The Literacy Council's mission is to provide confidential, one-on-one tutoring and mentoring services to individuals who need help with reading, writing, spelling, math, and English as a second language.
- LCGW works with more than 350 students per year, who range in age from 4-80
- English as a Second Language (ESL) students represent approximately 50% of all students. Of those ESL students, 50% are Spanish-speaking
- LCGW serves students from approximately 28 countries
- LCGW volunteers work with approximately 50 children each year
- Students are referred to the program through employers, self-referral, human service agencies, The Women's Center, Salvation Army, the Waukesha County Technical College (WCTC) and the Waukesha School District
- LCGW works with approximately 10% of all students enrolled in WCTC's high school completion program. LCGW tutors help these students with their writing, reading comprehension and math requirements
- Approximately 10 ESL students receive their U.S. citizenship each year
- LCGW has more than 350 volunteers tutors each year. 90-100 volunteers tutors are trained and matched during the 90 Tutors in 90 Days campaign
- Approximately 20 volunteers assist in a classroom setting either at the Waukesha County jail or an ESL class at WCTC.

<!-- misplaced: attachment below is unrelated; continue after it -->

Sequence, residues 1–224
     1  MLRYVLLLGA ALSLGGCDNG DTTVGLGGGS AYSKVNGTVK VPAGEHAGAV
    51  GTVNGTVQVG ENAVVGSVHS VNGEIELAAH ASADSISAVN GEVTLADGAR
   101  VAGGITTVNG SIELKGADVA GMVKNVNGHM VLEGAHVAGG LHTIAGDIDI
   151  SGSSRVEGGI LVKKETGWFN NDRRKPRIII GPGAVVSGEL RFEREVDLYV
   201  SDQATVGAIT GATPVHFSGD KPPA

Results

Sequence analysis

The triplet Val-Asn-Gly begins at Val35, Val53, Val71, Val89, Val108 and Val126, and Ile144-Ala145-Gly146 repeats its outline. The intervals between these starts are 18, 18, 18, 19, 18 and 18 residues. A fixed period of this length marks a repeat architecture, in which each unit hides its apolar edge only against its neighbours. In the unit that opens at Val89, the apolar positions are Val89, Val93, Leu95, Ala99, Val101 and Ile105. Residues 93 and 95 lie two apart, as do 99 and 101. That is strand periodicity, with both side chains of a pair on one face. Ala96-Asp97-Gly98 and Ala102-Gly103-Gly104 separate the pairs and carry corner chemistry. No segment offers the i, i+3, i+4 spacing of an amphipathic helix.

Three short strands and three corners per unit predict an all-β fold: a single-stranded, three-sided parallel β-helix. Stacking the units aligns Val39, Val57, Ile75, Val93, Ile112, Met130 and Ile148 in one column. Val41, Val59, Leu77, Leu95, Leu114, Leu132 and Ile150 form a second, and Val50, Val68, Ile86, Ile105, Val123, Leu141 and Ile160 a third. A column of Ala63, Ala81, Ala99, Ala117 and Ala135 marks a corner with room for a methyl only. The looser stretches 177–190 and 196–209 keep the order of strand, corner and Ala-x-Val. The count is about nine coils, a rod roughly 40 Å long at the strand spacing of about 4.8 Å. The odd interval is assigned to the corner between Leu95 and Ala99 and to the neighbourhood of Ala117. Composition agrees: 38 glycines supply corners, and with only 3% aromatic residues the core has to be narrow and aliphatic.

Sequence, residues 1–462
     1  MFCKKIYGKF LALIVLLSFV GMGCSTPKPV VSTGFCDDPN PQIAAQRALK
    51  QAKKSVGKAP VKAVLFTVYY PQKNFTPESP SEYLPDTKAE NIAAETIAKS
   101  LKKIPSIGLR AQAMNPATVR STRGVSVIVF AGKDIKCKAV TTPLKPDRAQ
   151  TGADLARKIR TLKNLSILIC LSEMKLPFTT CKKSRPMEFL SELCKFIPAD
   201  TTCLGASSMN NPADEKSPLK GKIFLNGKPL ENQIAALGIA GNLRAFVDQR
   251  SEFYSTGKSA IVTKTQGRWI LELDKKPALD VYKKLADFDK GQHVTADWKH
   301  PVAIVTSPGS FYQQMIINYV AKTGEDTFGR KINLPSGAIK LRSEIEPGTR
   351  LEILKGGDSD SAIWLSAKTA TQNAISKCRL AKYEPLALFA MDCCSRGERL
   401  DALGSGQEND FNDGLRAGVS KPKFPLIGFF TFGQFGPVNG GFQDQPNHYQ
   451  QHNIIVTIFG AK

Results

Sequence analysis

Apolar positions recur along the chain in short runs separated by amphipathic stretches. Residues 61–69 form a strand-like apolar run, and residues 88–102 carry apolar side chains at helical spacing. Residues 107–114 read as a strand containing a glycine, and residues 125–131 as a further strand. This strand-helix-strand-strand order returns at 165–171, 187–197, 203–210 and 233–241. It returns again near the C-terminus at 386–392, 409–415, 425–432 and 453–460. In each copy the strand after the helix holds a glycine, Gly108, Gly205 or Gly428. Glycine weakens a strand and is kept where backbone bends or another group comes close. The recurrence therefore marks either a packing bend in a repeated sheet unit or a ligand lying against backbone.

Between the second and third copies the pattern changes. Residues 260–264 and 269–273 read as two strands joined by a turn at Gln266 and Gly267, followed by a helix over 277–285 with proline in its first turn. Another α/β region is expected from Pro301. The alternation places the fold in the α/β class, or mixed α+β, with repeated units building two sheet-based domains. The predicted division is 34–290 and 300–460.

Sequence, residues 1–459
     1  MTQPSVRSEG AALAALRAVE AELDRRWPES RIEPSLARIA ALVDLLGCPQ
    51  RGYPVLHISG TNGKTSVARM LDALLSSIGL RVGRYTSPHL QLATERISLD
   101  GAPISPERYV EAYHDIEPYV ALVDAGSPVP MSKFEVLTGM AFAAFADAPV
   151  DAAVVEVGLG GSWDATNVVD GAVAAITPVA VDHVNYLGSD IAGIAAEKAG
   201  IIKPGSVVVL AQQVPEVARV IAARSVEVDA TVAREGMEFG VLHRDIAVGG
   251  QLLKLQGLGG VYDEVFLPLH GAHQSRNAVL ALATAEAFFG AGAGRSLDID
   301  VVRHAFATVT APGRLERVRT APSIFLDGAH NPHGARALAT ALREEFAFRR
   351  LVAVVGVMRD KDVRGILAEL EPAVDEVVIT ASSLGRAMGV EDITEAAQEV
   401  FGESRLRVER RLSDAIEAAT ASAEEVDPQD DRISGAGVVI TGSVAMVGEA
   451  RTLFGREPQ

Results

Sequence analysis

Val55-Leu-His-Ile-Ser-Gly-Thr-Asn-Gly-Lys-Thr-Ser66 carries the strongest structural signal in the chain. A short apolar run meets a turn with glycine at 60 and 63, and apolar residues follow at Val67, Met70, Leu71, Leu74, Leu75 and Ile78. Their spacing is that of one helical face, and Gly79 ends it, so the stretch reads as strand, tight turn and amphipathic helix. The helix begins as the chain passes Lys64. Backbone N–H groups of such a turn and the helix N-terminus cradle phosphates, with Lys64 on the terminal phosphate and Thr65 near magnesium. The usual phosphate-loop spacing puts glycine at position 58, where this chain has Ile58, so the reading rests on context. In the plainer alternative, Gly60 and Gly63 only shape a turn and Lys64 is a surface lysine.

- A 12-hour basic skills tutor training and a 9-hour tutor training program are each offered twice during the year.
- Financial support comes from corporations, businesses, service clubs, churches and private individuals. LCGW is a United Way funded agency
- LCGW does two major fund-raisers each year: the Corporate Spelling Bee in June, and the Scrabble® tournament in February
- LCGW organizes a community-wide Dr. Seuss Celebration, where more than 30 volunteers read Dr. Seuss books at more than 30 sites throughout Waukesha County. Ten of these readers are LCGW students
- LCGW has a students' book club which meets the third Tuesday of each month
Why Our Work Is Important
Illiteracy has negative effects on the entire community when an individual struggles with basic requirements:
- The ability to secure a job with a livable wage
- The ability to help a child with their school work
- The ability to fulfill a daily routine, including tasks like shopping or reading a bus schedule
- The ability to succesfully interact and communicate with others
It is estimated that 60 percent of people in U.S. jails and prisons are functionally illiterate. The societal and economic costs of illiteracy run into billions of dollars each year.
Illiteracy is a fundamentally solvable problem. It requires a combination of public awareness, additional funding for literacy problems, development of new instructional approaches and support for needed research and teacher training.